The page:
Image: Matt O’Keefe

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10 comments

  1. Mike

    I recently wrote an article for a local publication on ups and downs of solo rides, small group rides, and large group rides with a short discussion on the importance of learning to ride in a group. Few things are more enjoyable than being out with other riders whose skills you know and trust.

  2. Nelson

    My Trust Wheel is Dan Martz. He taught me to ride…not to stay up when I was 3, but everything else, Cadence, Shifting, hills, groups, drafting, Etc. We have thousands of miles together. Unwavering trust is putting it lightly. He’s the only one I can be behind and loose my thoughts, or stair at his cassette as I catch my breath or plot my jump. I think I’ll give him a call right now and tell him THANKS!

  3. Carrie Schmeck

    Such truth. And it’s weird because you can tell almost immediately whether your one foot is going to be safe or not. I’ll follow my hubby and my buddy, Ang, any day of the week.

  4. Jesus from Cancun

    This reminds me of a few great road and individual pursuit racers who have tried the team pursuit unsuccessfully.
    The best guys for the team pursuit are not necessarily the strongest. They are the smoothest and most reliable, the ones who think and ride as a paceline, not as an individual.

  5. Jim

    My pet peeve is MIRRORS. During group and paceline rides riders with mirrors are often looking back when they should be looking forward. The riders that I’m referring to are not newbies, but long time riders and racers. Why they use mirrors is anybody’s guess, but while in a group, gazing into a mirror should only be done while on the back.

  6. Vince

    Taking the front requires a certain level of leadership empathy; almost like a mother duck taking care of her brood as they follow along.

    These riders behind my are counting on me to take care of them. To be smooth and steady and hyper aware of the road ahead and my surroundings.

    Some people just lack the most basic sense of empathy and thus are trouble on the front.

  7. Eto

    What a great subject and how true your conclusions.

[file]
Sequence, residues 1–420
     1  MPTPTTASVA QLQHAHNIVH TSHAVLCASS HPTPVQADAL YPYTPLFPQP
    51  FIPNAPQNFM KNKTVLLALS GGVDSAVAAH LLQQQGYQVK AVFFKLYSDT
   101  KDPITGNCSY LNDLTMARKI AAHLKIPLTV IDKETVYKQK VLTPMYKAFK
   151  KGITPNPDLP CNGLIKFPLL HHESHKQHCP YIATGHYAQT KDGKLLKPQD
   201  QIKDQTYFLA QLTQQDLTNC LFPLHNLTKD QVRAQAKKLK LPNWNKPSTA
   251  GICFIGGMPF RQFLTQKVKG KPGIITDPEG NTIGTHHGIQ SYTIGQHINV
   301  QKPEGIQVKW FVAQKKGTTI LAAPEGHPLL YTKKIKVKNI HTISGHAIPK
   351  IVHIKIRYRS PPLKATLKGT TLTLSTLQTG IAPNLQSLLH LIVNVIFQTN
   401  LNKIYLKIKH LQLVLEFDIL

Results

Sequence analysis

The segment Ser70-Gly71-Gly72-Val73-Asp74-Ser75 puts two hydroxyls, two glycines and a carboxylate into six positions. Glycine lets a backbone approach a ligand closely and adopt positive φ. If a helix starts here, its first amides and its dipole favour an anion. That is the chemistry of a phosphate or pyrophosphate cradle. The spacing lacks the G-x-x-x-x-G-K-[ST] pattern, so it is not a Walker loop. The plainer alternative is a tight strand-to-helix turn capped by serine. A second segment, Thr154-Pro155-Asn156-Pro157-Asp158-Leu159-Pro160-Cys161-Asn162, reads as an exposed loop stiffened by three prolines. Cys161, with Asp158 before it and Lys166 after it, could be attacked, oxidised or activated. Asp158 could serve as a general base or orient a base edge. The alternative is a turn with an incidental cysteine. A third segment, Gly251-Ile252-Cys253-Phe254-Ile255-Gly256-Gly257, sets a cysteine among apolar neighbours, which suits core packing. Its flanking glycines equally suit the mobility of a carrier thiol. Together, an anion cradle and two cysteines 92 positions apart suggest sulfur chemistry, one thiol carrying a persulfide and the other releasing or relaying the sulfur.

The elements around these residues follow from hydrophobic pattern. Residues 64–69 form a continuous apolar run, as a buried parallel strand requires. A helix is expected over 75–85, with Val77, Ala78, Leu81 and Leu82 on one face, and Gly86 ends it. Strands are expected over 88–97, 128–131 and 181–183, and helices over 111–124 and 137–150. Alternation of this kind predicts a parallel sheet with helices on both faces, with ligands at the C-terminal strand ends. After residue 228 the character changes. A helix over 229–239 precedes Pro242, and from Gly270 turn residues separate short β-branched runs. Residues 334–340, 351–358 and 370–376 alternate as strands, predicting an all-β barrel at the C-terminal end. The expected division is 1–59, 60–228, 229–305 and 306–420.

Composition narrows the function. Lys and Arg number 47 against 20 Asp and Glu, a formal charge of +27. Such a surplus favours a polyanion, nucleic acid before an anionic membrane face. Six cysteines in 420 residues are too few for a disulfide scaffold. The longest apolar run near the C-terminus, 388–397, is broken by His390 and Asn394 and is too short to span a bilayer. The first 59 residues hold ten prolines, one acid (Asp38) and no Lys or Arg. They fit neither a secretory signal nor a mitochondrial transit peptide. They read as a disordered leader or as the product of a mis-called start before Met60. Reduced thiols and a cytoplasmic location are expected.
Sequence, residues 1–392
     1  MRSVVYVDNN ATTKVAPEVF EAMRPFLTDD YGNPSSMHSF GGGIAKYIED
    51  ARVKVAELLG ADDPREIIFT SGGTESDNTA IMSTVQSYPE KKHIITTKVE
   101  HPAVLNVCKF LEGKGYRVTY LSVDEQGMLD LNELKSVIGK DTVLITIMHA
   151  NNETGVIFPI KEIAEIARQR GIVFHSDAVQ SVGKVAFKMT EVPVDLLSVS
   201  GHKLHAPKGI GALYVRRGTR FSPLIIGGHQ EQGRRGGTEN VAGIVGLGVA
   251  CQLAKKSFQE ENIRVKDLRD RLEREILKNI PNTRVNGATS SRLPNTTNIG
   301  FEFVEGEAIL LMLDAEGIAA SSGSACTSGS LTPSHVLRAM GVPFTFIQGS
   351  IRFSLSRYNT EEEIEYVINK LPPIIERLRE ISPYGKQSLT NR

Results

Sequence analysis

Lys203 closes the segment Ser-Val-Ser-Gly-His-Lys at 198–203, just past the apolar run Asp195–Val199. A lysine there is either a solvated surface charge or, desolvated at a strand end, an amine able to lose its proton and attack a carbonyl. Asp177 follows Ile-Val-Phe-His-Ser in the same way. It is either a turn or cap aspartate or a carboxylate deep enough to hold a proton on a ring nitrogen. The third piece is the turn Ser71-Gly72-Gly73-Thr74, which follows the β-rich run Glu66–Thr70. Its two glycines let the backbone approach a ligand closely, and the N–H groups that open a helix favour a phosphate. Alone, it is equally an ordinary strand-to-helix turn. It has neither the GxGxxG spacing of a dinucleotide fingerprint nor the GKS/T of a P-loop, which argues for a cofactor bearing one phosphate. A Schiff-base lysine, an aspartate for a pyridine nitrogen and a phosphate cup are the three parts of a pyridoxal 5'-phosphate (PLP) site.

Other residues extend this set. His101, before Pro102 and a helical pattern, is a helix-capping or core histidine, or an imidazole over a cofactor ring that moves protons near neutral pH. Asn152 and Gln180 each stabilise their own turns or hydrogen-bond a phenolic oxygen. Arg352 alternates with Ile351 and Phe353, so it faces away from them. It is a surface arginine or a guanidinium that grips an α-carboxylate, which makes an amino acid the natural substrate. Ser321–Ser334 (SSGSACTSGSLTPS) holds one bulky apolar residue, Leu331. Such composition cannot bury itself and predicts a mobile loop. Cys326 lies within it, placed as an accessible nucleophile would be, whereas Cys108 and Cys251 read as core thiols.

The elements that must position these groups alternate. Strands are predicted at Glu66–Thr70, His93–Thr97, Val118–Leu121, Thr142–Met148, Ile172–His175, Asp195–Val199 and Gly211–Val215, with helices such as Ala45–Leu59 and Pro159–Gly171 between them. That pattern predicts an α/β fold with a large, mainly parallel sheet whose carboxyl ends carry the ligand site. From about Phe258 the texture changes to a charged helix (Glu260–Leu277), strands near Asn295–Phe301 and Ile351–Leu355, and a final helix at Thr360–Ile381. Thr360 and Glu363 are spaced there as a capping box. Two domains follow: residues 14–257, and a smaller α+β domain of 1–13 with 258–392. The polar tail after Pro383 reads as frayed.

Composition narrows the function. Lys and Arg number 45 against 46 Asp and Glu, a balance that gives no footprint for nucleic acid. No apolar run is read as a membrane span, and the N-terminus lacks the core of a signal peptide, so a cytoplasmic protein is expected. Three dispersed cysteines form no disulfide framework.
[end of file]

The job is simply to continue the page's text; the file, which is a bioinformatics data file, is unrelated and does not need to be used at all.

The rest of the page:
There is a spectrum for me… one defined by riding with the familiar group and the other joining the unknown group or pace line. Both require your undivided attention to be safe and smart but the later finds me intuitively surveying my surroundings to seek out the like minded, skilled and styled. This approach helps the ride to not only be safe but enjoyable too.

    Thank you again for your insight.

  8. Raymond Parker

    For several years, I rode weekly with with a solid group, including a former Olympic coach who kept the paceline in order. As the “Coffee Ride” grew in popularity and number, I grew nervous as it attracted grandstanders–strong and fast, but erratic–who ignored the coach’s reprimands.

    My reservations were not unfounded, as a couple of subsequent crashes with serious consequences proved.

    I don’t ride with big this group today. Though I miss the excitement, I prefer a small group of well-known, trusted friends.

    I wouldn’t trust any corporate disciple to watch my back.

  9. murph

    i liked it better when an expensive bike meant that you probably had the basics down. I ride w/lots of different groups and the thing that strikes me the most often is the lack of thought about those behind… I can’t stand when the person @ the front tightropes the white line so there isn’t an ‘out’, then you can deal w/the ‘swerve’ because God Forbid they’d run over a crack in the pavement on their $2K carbon wheels… I won’t even get into the ‘CLEAR’ that’s yelled, which should be ‘clear for me, but i haven’t figured out that I’m now 40′long and should be thinking ahead instead of checking my watts.